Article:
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Scenes 1.2 and 1.3

Scene 1.2 - Belmont

Entering the room where her husband will be chosen, Portia complains that she is weary of the world; her servant, Nerissa, argues that she is only spoiled by so much good fortune. Portia relates to Nerissa how her father, before his death, set up a system where her husband would be chosen by lottery; even after his death, she says, he still controls her fate. The set-up of the lottery is this: the candidates for marriage will have to choose between a gold, a silver, and a lead casket, and the one who chooses the right one will get to marry Portia. One by one, Nerissa names the men who want to marry Portia, and Portia responds with a criticism of each. The Neapolitan prince cares only about his horses, the powerful count is always serious, the French lord simply imitates what everyone else does, the English baron speaks only English, the Scottish lord got into a fight with the Englishman, the German duke's nephew is a vile man who's always drunk.
Nerissa argues that Portia doesn't have to worry about any of the men, since none of them wants to marry her if she is simply forced to by the lottery. Nothing would make her happier, Portia responds, than if they all left. Nerissa mentions a Venetian, a scholar and a soldier, named Bassanio, and Portia agrees that he is a good man. A servant enters and announces that four of her suitors have chosen to leave and that a new one, the Prince of Morocco, has arrived.

Scene 1.3 - Street in Venice

In Venice, Bassanio is in a heated discussion with Shylock, the Jewish moneylender. Bassanio wants three thousand ducats for three months, but Shylock insists on talking with Antonio, who will insure that the loan will be repaid. According to what Shylock has heard, all of Antonio's ships are at sea, and his business is in risk. Antonio then enters, and Shylock, speaking only to the audience, criticizes him for lending out money to his friends without interest, which cuts into Shylock's business. Antonio argues with Shylock that charging interest on loans ("usury") is immoral, but Shylock answers that it is a respectable practice, citing the story of Jacob in the Old Testament. Jacob made a bet with his uncle, in which he would receive no wages, but in exchange would get to keep all the multi-colored lambs born on the farm. Jacob then conceived a way to get the ewes to give birth to multi-colored lambs, thereby making a big profit because of his gamble. Antonio remarks, in response, that even evil men can argue from the Bible to defend their practices. And why should he lend Bassanio money, Shylock asks, since Antonio has always condemned him in public for profiting from usury? Antonio refuses to apologize - he has spit at him before, he says, and would do so again. He argues that if Shylock is going to lend this money, he should do so as a friend, not as a businessman.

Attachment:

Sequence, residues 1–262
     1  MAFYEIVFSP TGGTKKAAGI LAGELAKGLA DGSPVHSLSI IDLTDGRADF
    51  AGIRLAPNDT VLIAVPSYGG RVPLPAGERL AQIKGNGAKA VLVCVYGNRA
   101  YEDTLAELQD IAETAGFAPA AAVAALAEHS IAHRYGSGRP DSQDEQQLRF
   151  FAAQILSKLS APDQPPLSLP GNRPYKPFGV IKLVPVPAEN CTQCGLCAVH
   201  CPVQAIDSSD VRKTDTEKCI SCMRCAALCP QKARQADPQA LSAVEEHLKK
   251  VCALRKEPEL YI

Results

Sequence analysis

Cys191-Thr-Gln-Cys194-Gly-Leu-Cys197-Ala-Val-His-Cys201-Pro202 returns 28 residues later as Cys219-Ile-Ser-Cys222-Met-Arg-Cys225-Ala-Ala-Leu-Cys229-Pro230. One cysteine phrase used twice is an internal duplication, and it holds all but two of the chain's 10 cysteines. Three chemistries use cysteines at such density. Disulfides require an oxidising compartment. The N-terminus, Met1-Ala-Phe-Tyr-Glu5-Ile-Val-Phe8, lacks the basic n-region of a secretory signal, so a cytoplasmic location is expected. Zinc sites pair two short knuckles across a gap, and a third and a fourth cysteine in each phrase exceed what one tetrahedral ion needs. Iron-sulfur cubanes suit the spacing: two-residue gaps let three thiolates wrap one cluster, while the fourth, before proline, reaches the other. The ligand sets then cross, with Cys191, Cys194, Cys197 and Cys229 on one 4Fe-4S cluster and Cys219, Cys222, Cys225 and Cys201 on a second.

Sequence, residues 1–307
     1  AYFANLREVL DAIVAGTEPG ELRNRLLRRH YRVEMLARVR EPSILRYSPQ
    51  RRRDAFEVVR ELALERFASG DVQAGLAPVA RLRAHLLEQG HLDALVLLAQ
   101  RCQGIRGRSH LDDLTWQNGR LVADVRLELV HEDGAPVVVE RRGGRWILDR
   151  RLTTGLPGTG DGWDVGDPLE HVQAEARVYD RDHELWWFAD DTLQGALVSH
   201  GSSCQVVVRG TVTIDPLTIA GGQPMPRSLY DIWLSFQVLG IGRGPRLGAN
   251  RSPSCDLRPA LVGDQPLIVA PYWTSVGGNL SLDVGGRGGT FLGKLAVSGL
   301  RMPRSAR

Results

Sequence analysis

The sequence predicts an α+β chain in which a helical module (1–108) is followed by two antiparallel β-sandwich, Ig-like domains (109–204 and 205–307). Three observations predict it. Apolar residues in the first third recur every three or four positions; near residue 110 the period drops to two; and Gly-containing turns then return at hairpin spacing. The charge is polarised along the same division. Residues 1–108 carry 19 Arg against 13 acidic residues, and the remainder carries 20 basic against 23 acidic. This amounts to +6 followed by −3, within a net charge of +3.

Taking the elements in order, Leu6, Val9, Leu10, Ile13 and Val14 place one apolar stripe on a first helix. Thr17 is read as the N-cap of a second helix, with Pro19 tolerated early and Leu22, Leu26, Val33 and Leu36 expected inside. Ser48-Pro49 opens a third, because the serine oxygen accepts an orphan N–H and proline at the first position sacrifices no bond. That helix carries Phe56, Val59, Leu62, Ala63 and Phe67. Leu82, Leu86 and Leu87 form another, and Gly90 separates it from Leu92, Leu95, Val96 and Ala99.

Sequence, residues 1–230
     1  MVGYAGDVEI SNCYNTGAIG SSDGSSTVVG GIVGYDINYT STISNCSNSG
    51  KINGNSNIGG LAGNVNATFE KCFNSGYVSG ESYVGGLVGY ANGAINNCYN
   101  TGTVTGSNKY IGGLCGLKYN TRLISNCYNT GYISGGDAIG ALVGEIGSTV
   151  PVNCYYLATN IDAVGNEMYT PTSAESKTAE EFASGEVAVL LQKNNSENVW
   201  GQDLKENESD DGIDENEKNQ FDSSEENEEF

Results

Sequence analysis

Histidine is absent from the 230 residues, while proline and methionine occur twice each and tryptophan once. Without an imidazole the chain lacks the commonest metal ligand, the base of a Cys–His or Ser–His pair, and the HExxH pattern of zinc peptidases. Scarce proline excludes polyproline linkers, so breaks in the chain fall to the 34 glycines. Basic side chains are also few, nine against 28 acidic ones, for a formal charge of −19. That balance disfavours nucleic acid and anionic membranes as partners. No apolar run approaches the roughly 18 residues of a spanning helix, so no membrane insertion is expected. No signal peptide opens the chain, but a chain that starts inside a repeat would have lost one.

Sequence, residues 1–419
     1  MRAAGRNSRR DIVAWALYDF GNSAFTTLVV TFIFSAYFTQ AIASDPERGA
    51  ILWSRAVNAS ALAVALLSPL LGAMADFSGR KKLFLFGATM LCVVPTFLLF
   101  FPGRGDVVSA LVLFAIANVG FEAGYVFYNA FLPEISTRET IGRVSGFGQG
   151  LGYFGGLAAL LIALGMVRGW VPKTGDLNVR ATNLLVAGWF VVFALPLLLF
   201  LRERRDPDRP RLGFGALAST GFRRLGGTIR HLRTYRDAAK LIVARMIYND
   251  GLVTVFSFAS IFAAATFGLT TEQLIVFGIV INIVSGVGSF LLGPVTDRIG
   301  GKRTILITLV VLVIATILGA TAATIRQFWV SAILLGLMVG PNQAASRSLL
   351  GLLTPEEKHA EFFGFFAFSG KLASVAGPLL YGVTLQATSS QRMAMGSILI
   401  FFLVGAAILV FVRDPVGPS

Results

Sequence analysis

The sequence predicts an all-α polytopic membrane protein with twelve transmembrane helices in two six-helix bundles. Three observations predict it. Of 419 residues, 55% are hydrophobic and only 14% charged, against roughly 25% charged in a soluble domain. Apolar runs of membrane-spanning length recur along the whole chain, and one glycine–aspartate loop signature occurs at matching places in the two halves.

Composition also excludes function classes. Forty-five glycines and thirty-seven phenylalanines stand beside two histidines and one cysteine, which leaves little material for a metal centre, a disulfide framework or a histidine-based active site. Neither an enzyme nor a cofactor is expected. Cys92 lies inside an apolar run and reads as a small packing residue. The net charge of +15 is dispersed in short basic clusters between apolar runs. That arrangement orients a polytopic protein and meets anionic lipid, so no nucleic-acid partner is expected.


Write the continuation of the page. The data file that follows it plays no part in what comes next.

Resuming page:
Though he ridicules that argument, Shylock does in fact offer to lend the three-thousand ducats to Bassanio, without interest - but on one condition: he demands that Antonio sign a contract, agreeing that if he does not pay back the loan in exactly three months, Shylock will be allowed to cut off and take a pound of Antonio's flesh. Bassanio objects, arguing that it is a dangerous bargain and that he doesn't trust Shylock, but Shylock tells Bassanio that he has nothing to worry about: a pound of human flesh is worthless to him; he is making this offer in friendship. Antonio believes that his ships will surely be back by then, and therefore that he will have money to pay back the loan. Despite Bassanio's objections, Antonio agrees to the deal. He and Bassanio leave with Shylock, going to the notary to sign the contract.

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Historical Context
Main Characters
Points to Ponder
Did You Know
Plot Summary
Scene 1.1
Scenes 1.2 and 1.3
Scenes 2.1, 2.2, and 2.3
Scenes 2.4, 2.5, and 2.6
Scenes 2.7, 2.8, and 2.9
Scenes 3.1 and 3.2
Scenes 3.3, 3.4, and 3.5
Scenes 4.1 and 4.2
Scene 5.1


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